INSIDE MOBILE: How to End Speeding Tickets Using Wireless Technology
Highway patrol officers often spend hours on the side of the road using a radar gun to catch those driving above the speed limit. This is not an efficient way for these public safety officers to deal with problems of speeding and reckless driving. Here, Knowledge Center mobile and wireless analyst J. Gerry Purdy explains how wireless technology will end the use of speeding tickets, allowing officers to focus on other serious crimes that need their greater attention.
With a topic like this, I absolutely first have to say that I believe in speed limits. I also support the hardworking, and often not appreciated, public safety officers who help deal with accidents and problems that deserve their attention. With that said, the nature of a speed limit has become accepted in society as a guideline, a general indicator of the speed at which people should travel. Of course, unless you have been a recluse at home for the past few years, drivers on major interstate highways almost never drive slower than the posted speed limits.
Most states have established laws that define "speeding" as a driver and the car exceeding the posted speed limit by 10mph. Thus, if the posted sign says 65mph, then most of the time you won't get pulled over for a speeding ticket when doing 74mph. Bad weather and driving congestion naturally alter the average speed downward.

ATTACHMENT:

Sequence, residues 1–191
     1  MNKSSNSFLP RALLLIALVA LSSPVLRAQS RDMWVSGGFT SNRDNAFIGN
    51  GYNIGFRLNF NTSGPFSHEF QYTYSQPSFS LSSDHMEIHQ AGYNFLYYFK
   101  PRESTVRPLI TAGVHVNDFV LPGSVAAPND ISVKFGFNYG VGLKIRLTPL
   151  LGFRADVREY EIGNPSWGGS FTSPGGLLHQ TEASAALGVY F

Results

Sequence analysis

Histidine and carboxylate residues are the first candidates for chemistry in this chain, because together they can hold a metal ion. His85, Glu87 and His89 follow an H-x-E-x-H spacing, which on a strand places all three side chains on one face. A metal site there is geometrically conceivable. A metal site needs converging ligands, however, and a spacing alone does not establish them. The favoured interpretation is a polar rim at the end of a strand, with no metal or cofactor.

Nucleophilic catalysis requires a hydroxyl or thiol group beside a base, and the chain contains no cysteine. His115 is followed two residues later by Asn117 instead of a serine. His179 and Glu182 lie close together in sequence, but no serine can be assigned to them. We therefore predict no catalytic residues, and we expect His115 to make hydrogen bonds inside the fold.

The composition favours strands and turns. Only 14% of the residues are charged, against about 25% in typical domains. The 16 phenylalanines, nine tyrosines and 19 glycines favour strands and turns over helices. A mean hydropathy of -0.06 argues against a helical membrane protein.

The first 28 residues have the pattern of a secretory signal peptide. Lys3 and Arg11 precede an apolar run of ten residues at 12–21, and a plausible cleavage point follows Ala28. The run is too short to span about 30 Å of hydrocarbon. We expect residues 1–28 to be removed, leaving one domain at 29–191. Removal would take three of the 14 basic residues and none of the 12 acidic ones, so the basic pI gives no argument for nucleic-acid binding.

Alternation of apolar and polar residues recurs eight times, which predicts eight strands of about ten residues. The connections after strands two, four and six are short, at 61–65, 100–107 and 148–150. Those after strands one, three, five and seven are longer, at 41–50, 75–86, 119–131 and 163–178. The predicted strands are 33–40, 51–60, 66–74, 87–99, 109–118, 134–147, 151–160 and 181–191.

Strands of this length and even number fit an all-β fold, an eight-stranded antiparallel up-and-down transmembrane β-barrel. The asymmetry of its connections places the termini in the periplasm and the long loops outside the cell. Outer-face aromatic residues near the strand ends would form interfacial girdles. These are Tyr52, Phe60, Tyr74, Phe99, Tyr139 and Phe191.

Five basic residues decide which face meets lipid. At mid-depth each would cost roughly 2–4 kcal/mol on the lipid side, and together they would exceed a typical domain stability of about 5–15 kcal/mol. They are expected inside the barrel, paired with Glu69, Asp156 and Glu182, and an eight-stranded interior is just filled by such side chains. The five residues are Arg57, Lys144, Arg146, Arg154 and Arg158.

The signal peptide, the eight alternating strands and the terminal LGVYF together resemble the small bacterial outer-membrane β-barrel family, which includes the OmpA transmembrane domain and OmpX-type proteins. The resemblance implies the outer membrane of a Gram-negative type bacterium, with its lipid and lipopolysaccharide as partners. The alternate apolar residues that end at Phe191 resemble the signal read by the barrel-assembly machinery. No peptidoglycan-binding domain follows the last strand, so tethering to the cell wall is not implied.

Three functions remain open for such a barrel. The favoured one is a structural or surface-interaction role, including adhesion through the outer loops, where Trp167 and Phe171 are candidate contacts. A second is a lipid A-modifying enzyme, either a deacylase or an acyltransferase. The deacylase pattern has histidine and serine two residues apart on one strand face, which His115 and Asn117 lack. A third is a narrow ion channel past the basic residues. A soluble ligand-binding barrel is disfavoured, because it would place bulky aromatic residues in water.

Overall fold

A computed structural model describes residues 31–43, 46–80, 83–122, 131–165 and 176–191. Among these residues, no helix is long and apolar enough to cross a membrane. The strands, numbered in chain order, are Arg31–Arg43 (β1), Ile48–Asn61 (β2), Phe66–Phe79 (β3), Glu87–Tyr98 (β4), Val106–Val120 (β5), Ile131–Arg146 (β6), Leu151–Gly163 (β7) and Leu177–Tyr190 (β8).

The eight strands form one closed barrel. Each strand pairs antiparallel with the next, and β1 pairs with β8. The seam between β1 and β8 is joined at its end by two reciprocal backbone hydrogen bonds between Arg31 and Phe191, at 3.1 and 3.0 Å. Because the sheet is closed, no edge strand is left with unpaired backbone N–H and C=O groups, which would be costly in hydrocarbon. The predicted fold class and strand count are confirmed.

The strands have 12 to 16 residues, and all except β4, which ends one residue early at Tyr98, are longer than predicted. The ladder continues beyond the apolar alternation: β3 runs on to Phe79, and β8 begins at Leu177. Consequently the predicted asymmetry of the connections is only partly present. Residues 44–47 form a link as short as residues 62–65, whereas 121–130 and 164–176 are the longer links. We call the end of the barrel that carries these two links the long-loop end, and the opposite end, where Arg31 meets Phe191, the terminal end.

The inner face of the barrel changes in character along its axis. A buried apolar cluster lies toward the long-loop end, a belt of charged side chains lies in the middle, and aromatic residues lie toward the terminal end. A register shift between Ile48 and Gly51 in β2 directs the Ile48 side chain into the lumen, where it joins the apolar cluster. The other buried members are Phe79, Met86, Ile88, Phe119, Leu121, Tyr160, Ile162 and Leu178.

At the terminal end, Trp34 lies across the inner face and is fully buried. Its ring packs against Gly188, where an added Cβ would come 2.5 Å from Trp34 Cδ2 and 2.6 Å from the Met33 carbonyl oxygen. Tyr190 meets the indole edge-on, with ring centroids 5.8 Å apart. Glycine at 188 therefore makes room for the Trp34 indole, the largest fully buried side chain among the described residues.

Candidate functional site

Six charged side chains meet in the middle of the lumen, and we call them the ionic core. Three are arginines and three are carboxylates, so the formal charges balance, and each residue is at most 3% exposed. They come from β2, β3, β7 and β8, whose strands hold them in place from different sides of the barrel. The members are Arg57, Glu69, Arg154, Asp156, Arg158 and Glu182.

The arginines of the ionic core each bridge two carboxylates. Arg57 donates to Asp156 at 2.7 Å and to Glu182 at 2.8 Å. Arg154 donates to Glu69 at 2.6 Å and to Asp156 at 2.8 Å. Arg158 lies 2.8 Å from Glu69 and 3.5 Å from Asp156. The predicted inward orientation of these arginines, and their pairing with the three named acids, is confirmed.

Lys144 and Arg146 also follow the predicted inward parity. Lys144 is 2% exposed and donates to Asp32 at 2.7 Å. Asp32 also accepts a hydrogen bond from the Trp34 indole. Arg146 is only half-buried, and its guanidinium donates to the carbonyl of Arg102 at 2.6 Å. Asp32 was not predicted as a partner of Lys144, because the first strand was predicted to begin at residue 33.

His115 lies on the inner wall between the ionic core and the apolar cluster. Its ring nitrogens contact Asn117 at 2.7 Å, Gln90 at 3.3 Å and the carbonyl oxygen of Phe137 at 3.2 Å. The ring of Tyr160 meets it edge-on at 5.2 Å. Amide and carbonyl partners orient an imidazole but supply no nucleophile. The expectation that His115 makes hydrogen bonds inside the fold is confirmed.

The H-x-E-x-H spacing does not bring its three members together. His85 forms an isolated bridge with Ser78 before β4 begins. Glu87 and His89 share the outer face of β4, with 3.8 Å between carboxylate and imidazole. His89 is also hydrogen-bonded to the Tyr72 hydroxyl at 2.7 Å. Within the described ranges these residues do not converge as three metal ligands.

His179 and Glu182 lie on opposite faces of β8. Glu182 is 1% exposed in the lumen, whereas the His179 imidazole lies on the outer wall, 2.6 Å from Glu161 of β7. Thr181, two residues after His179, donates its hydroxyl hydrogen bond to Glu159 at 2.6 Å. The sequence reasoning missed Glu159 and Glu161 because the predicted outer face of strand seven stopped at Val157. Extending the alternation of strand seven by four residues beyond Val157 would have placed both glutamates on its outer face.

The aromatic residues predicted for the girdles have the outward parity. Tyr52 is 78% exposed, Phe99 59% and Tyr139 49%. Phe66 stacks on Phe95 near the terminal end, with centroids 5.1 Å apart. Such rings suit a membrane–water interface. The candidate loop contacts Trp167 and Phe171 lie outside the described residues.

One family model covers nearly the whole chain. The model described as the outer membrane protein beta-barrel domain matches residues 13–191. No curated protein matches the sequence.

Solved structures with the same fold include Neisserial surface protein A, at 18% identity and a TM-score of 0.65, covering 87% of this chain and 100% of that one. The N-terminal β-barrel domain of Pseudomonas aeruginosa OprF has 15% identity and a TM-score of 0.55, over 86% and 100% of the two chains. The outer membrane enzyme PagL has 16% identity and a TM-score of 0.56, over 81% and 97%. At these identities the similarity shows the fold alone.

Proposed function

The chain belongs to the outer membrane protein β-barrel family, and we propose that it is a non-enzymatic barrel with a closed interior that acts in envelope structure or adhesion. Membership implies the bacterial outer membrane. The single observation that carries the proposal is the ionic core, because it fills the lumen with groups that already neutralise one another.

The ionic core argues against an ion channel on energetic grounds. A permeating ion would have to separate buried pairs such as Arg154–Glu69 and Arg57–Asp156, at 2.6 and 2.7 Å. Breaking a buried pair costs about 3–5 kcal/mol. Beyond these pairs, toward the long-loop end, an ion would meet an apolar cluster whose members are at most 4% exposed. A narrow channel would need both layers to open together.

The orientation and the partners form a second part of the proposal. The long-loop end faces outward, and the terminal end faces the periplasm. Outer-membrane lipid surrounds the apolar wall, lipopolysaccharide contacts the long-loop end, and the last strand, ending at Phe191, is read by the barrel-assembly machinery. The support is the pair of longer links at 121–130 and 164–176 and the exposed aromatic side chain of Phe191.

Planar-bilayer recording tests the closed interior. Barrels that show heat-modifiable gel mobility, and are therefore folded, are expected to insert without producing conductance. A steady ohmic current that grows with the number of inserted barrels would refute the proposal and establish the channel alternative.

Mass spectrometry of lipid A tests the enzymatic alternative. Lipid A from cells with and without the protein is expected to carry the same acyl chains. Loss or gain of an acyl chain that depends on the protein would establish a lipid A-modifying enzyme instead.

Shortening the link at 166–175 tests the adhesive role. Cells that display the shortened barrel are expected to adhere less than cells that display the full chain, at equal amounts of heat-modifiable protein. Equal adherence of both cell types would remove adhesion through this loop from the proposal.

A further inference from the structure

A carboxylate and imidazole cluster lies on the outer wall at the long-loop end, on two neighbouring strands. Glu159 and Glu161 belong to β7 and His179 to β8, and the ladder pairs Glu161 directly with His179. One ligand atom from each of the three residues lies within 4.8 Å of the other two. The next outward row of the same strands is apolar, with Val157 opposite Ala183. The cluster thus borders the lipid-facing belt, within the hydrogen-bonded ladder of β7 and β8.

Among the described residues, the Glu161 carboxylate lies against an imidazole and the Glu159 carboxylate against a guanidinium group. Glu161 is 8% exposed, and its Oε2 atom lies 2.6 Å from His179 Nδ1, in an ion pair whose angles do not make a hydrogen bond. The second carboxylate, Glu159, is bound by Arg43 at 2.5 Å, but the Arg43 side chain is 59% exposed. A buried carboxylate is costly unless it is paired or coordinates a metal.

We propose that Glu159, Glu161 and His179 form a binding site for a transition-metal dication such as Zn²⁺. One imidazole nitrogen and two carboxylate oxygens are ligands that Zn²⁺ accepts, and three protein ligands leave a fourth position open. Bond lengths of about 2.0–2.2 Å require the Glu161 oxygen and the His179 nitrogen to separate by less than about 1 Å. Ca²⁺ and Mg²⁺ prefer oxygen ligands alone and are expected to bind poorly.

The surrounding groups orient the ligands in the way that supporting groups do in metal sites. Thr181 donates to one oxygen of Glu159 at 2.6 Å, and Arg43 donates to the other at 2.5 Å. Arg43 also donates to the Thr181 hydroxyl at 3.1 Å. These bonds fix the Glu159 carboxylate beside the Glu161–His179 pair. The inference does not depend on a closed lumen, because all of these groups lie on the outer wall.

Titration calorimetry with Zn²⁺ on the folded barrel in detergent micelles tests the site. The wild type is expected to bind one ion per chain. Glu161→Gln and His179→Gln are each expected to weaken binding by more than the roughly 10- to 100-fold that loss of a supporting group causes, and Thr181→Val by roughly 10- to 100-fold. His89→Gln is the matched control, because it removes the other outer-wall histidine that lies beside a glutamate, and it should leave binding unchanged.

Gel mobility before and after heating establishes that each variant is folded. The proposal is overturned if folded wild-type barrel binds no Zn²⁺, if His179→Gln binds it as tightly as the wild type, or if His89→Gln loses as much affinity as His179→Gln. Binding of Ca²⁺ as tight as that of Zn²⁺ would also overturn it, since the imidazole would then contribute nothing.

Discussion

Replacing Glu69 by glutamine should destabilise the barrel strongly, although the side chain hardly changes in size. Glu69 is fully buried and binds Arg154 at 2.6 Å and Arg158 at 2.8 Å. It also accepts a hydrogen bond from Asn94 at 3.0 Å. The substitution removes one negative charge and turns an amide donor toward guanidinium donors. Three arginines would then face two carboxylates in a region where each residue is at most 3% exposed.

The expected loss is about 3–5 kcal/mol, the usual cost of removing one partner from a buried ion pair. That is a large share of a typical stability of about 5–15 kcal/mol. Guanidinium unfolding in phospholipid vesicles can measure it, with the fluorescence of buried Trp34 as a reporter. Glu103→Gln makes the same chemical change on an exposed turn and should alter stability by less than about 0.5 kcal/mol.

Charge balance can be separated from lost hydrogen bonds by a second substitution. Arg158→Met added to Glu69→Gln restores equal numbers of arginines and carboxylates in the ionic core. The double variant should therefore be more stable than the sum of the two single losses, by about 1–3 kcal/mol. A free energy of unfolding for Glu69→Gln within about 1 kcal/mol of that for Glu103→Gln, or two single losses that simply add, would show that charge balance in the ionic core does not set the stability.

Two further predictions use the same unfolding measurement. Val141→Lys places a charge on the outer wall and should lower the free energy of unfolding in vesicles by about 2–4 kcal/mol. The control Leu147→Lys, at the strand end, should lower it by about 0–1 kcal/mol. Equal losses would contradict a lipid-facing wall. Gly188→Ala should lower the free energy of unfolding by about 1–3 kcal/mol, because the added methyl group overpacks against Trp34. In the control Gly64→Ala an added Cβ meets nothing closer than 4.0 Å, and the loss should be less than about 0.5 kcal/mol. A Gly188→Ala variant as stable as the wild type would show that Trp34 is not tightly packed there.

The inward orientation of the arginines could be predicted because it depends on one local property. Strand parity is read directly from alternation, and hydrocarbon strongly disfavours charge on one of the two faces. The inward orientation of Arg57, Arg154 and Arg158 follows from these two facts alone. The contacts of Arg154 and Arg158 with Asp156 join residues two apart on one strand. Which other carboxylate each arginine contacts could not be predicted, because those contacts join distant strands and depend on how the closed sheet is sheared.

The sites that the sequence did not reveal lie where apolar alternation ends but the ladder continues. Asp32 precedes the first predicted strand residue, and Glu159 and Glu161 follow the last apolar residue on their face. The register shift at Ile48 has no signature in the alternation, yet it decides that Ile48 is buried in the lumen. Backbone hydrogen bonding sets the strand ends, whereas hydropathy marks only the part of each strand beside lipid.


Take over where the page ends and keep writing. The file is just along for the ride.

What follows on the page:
When I see these speed traps, I get mad-but not for the reason you might think. I'm not upset that police officers are trying to catch speeders. Rather, I'm upset because these paid guardians of our public safety are wasting so much of their valuable time sitting on the side of the road just to give out a few tickets to those who are driving too fast.
I believe there's a much better solution, and there's already indication that systems are coming into place that may eliminate the need for any highway patrol officer to ever worry about simple vehicle speed enforcement again.
A better solution
Here's the way I believe this new solution should work in the long term. All cars will have multiple transmitting radios-from Wi??ÃFi to third-generation or fourth-generation cellular to mesh networking-so that cars can network with each other and be connected to the highway patrol. Most cars have a toll sensor in the window as well that isn't active but does allow the car to be recognized when it passes a toll booth or toll lane. There are two basic driver issues that need to be addressed: 1) those that speed and 2) those who drive recklessly.
Regarding driving recklessly (or appearing to do that via something wrong with the car) should be dealt with via intervention. First, the local wireless mesh should result in vehicles self-programmed to get out of the way. Second, the local police and highway patrol should have the right to intervene and stop the car. We have all seen situations where two cars are racing each other or someone is directing road rage at someone else, trying to get ahead by cutting them off, using their car as a weapon. These situations can easily be detected. Once that happens, the local police or highway patrol should take over control of the car and pull them safely over to the side of the road.
For those that want to go faster than the posted speed limit (for example, they want to drive 80mph in a 65mph zone), we should change the entire process of scolding violators to automatically generating revenue for the privilege of driving faster and getting to your destination more quickly. Once cars are outfitted with wireless communications, public safety can communicate with each car, and the cars and trucks can then also communicate with each other via mesh networking.